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Search Results: 1 - 10 of 329810 matches for " Hawksworth Jason S "
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Lymphocyte Depletion in Experimental Hemorrhagic Shock in Swine
Hawksworth Jason S,Graybill Christopher,Brown Trevor S,Gillern Suzanne M
Journal of Inflammation , 2012, DOI: 10.1186/1476-9255-9-34
Abstract: Background Hemorrhagic shock results in systemic activation of the immune system and leads to ischemia-reperfusion injury. Lymphocytes have been identified as critical mediators of the early innate immune response to ischemia-reperfusion injury, and immunomodulation of lymphocytes may prevent secondary immunologic injury in surgical and trauma patients. Methods Yorkshire swine were anesthetized and underwent a grade III liver injury with uncontrolled hemorrhage to induce hemorrhagic shock. Experimental groups were treated with a lymphocyte depletional agent, porcine polyclonal anti-thymocyte globulin (PATG) (n = 8) and compared to a vehicle control group (n = 9). Animals were observed over a 3 day survival period. Circulating lymphocytes were examined with FACS analysis for CD3/CD4/CD8, and central lymphocytes with mesenteric lymph node and spleen staining for CD3. Circulating and lung tissue16 infiltrating neutrophils were measured. Circulating CD3 lymphocytes in the blood and in central lymphoid organs (spleen/lymph node) were stained and evaluated using FACS analysis. Immune-related gene expression from liver tissue was quantified using RT-PCR. Results The overall survival was 22% (2/9) in the control and 75% (6/8) in the PATG groups, p = 0.09; during the reperfusion period (following hemorrhage) survival was 25% (2/8) in the control and 100% (6/6) in the PATG groups, p = 0.008. Mean blood loss and hemodynamic profiles were not significantly different between the experimental and control groups. Circulating CD3+CD4+ lymphocytes were significantly depleted in the PATG group compared to control. Lymphocyte depletion in the setting of hemorrhagic shock also significantly decreased circulating and lung tissue infiltrating neutrophils, and decreased expression of liver ischemia gene expression. Conclusions Lymphocyte manipulation with a depletional (PATG) strategy improves reperfusion survival in experimental hemorrhagic shock using a porcine liver injury model. This proof of principle study paves the way for further development of immunomodulation approaches to ameliorate secondary immune injury following hemorrhagic shock.
Lymphocyte Modulation with FTY720 Improves Hemorrhagic Shock Survival in Swine
Jason S. Hawksworth, J. Christopher Graybill, Trevor S. Brown, Shannon M. Wallace, Thomas A. Davis, Doug K. Tadaki, Eric A. Elster
PLOS ONE , 2012, DOI: 10.1371/journal.pone.0034224
Abstract: The inflammatory response to severe traumatic injury results in significant morbidity and mortality. Lymphocytes have recently been identified as critical mediators of the early innate immune response to ischemia-reperfusion injury. Experimental manipulation of lymphocytes following hemorrhagic shock may prevent secondary immunologic injury in surgical and trauma patients. The objective of this study is to evaluate the lymphocyte sequestration agent FTY720 as an immunomodulator following experimental hemorrhagic shock in a swine liver injury model. Yorkshire swine were anesthetized and underwent a grade III liver injury with uncontrolled hemorrhage to induce hemorrhagic shock. Experimental groups were treated with a lymphocyte sequestration agent, FTY720, (n = 9) and compared to a vehicle control group (n = 9). Animals were observed over a 3 day survival period after hemorrhage. Circulating total leukocyte and neutrophil counts were measured. Central lymphocytes were evaluated with mesenteric lymph node and spleen immunohistochemistry (IHC) staining for CD3. Lung tissue infiltrating neutrophils were analyzed with myeloperoxidase (MPO) IHC staining. Relevant immune-related gene expression from liver tissue was quantified using RT-PCR. The overall survival was 22.2% in the vehicle control and 66.7% in the FTY720 groups (p = 0.081), and reperfusion survival (period after hemorrhage) was 25% in the vehicle control and 75% in the FTY720 groups (p = 0.047). CD3+ lymphocytes were significantly increased in mesenteric lymph nodes and spleen in the FTY720 group compared to vehicle control, indicating central lymphocyte sequestration. Lymphocyte disruption significantly decreased circulating and lung tissue infiltrating neutrophils, and decreased expression of liver immune-related gene expression in the FTY720 treated group. There were no observed infectious or wound healing complications. Lymphocyte sequestration with FTY720 improves survival in experimental hemorrhagic shock using a porcine liver injury model. These results support a novel and clinically relevant lymphocyte immunomodulation strategy to ameliorate secondary immune injury in hemorrhagic shock.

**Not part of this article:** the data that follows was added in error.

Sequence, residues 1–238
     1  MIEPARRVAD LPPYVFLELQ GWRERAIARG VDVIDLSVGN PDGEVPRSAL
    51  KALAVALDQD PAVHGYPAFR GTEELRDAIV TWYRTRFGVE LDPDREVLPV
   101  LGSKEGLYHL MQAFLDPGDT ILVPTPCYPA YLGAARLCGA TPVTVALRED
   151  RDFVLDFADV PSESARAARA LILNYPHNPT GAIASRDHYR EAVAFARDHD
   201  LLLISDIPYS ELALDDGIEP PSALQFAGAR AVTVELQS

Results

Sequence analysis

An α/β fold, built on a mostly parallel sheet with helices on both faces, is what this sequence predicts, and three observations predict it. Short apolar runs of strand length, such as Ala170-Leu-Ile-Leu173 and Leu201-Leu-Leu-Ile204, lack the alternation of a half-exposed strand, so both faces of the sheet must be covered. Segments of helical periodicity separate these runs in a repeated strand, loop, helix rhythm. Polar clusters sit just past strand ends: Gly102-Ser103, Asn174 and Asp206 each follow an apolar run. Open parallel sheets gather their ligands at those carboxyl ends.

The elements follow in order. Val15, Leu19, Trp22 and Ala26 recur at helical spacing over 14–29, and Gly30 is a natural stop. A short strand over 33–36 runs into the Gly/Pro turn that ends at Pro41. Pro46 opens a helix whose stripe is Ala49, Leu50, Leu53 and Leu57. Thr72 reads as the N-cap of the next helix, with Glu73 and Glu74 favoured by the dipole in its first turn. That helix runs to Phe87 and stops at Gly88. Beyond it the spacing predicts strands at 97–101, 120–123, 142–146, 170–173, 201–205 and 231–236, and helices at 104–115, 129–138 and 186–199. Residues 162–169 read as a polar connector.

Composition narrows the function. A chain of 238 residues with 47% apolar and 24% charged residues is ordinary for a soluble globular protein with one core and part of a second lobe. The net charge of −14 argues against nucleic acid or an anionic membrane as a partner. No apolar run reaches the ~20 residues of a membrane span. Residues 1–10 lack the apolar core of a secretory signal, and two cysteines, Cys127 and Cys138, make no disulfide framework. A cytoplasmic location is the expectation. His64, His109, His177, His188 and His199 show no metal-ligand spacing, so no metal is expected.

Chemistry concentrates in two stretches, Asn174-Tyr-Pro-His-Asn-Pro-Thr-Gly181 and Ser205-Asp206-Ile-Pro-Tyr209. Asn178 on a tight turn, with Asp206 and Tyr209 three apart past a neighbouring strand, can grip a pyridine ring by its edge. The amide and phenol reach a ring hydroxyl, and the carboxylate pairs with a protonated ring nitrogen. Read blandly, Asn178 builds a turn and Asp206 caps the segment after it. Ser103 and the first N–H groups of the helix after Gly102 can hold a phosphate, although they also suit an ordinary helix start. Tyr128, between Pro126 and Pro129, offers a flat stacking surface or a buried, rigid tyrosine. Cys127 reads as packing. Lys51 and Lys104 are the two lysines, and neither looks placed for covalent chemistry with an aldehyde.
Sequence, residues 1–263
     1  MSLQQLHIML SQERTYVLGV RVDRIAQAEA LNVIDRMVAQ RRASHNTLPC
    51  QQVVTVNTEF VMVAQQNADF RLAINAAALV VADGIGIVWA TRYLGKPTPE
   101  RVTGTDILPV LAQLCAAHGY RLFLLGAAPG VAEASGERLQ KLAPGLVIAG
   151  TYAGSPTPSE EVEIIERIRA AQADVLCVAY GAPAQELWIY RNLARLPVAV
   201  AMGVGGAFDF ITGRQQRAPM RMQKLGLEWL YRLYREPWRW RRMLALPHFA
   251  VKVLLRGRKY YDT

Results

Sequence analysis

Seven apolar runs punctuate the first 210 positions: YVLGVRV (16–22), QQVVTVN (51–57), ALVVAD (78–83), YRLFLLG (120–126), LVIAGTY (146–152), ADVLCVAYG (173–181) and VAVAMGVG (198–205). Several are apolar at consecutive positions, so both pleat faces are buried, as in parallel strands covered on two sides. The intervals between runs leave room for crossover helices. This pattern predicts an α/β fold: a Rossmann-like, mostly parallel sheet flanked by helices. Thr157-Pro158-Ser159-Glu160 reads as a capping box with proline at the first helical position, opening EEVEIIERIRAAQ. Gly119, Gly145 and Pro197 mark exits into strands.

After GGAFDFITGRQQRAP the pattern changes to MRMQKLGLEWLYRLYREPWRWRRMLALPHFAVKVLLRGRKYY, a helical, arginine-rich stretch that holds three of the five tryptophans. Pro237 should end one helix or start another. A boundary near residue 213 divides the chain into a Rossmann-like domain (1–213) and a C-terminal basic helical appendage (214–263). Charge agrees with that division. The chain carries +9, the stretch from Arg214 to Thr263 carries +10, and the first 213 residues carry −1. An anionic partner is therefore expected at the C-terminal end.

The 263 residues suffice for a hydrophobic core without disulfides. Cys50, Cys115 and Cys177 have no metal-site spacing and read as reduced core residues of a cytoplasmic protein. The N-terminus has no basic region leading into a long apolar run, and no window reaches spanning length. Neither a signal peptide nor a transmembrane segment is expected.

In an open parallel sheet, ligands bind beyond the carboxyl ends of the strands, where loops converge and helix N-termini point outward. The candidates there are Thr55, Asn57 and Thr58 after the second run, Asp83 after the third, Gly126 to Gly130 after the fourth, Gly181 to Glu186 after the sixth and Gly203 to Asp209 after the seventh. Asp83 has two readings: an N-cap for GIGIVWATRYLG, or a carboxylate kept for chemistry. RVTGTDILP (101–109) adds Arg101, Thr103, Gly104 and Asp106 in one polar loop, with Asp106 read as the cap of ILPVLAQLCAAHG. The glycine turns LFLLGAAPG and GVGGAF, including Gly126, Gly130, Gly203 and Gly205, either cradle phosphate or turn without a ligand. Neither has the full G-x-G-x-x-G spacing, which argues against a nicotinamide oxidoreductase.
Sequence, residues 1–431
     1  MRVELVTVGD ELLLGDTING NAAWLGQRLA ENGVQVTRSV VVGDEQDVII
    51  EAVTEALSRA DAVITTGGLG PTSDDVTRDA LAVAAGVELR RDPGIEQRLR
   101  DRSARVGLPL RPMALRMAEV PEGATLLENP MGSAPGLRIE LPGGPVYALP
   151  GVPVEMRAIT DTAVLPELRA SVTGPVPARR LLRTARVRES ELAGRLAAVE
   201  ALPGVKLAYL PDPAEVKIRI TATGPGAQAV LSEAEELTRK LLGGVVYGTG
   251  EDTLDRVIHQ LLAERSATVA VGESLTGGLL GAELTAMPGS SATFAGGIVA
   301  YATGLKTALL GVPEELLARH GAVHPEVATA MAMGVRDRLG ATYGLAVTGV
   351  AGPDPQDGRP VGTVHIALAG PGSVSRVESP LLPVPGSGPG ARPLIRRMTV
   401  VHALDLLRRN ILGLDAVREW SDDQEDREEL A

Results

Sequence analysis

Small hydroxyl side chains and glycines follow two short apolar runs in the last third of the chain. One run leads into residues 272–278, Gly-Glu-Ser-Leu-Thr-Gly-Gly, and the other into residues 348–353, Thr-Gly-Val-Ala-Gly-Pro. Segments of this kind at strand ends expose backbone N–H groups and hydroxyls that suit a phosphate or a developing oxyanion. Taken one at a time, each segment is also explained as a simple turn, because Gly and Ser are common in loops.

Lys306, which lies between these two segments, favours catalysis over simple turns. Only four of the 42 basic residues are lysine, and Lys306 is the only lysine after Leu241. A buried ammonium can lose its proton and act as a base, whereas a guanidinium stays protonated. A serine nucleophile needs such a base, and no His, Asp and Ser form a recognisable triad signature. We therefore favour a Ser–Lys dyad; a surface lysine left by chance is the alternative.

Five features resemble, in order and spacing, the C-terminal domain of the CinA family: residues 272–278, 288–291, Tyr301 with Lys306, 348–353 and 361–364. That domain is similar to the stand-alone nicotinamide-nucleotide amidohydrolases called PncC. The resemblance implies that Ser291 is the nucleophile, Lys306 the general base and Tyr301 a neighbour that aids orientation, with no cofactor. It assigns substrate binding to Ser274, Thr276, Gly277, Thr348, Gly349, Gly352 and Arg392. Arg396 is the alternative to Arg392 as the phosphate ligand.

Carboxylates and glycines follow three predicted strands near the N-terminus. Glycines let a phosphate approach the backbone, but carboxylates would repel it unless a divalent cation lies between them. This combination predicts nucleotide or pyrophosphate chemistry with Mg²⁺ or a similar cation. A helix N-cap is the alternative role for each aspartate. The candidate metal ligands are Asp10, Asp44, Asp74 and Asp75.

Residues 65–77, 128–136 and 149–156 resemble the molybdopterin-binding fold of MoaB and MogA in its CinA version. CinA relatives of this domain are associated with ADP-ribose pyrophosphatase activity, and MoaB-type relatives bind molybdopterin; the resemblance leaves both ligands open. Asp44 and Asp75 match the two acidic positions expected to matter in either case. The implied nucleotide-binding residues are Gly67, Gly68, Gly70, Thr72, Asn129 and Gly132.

A new dawn for the naming of fungi: impacts of decisions made in Melbourne in July 2011 on the future publication and regulation of fungal names
David Hawksworth
MycoKeys , 2011, DOI: 10.3897/mycokeys.1.2062
Abstract: A personal synopsis of the decisions made at the Nomenclature Section meeting of the International Botanical Congress in Melbourne in July 2011 is provided, with an emphasis on those which will affect the working practices of, or will otherwise be of interest to, mycologists. The topics covered include the re-naming of the Code, the acceptance of English as an alternative to Latin for validating diagnoses, conditions for permitting electronic publication of names, mandatory deposit of key nomenclatural information in a recognized repository for the valid publication of fungal names, the discontinuance of dual nomenclature for pleomorphic fungi, and clarification over the typification of sanctioned names, and acceptability of names originally published under the zoological code. Collectively, these changes are the most fundamental to have been enacted at single Congress since the 1950s, and herald the dawn of a new era in the practice of fungal nomenclature.
IMC9 Edinburgh Nomenclature Sessions
L.L. Norvell,D.L. Hawksworth,R.H. Petersen,S.A. Redhead
IMA Fungus , 2010,
Abstract: The proceedings of the 3-5 August 2010, IMC9 Edinburgh Nomenclature Sessions are briefly summarized. The final resolution approved by the General Assembly endorses the recommendations by the Nomenclature Sessions regarding transfer of the governance of fungal nomenclature from botanical to mycological congresses, mandatory pre-publication deposit of nomenclatural information for valid publication of new fungal names, and the acceptability of English as an alternative to Latin in the valid publication of fungal names. Complete results from the IMC9 nomenclature questionnaire are also provided.